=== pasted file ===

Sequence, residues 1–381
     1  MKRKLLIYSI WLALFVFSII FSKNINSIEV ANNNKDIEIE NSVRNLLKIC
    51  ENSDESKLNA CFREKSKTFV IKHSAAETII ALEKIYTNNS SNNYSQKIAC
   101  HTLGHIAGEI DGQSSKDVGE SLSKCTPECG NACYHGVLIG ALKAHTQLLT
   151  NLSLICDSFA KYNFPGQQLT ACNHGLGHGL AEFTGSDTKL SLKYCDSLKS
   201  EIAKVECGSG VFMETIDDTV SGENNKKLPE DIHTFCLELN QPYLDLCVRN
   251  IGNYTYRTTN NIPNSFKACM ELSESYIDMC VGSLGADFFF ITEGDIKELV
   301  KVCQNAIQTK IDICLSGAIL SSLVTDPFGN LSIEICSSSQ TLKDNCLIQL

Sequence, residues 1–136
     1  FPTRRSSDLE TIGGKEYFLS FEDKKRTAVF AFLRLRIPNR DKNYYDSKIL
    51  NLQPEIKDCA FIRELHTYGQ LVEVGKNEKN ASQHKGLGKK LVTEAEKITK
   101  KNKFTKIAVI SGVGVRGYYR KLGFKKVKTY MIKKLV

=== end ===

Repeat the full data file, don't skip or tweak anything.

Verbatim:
Sequence, residues 1–381
     1  MKRKLLIYSI WLALFVFSII FSKNINSIEV ANNNKDIEIE NSVRNLLKIC
    51  ENSDESKLNA CFREKSKTFV IKHSAAETII ALEKIYTNNS SNNYSQKIAC
   101  HTLGHIAGEI DGQSSKDVGE SLSKCTPECG NACYHGVLIG ALKAHTQLLT
   151  NLSLICDSFA KYNFPGQQLT ACNHGLGHGL AEFTGSDTKL SLKYCDSLKS
   201  EIAKVECGSG VFMETIDDTV SGENNKKLPE DIHTFCLELN QPYLDLCVRN
   251  IGNYTYRTTN NIPNSFKACM ELSESYIDMC VGSLGADFFF ITEGDIKELV
   301  KVCQNAIQTK IDICLSGAIL SSLVTDPFGN LSIEICSSSQ TLKDNCLIQL

Sequence, residues 1–136
     1  FPTRRSSDLE TIGGKEYFLS FEDKKRTAVF AFLRLRIPNR DKNYYDSKIL
    51  NLQPEIKDCA FIRELHTYGQ LVEVGKNEKN ASQHKGLGKK LVTEAEKITK
   101  KNKFTKIAVI SGVGVRGYYR KLGFKKVKTY MIKKLV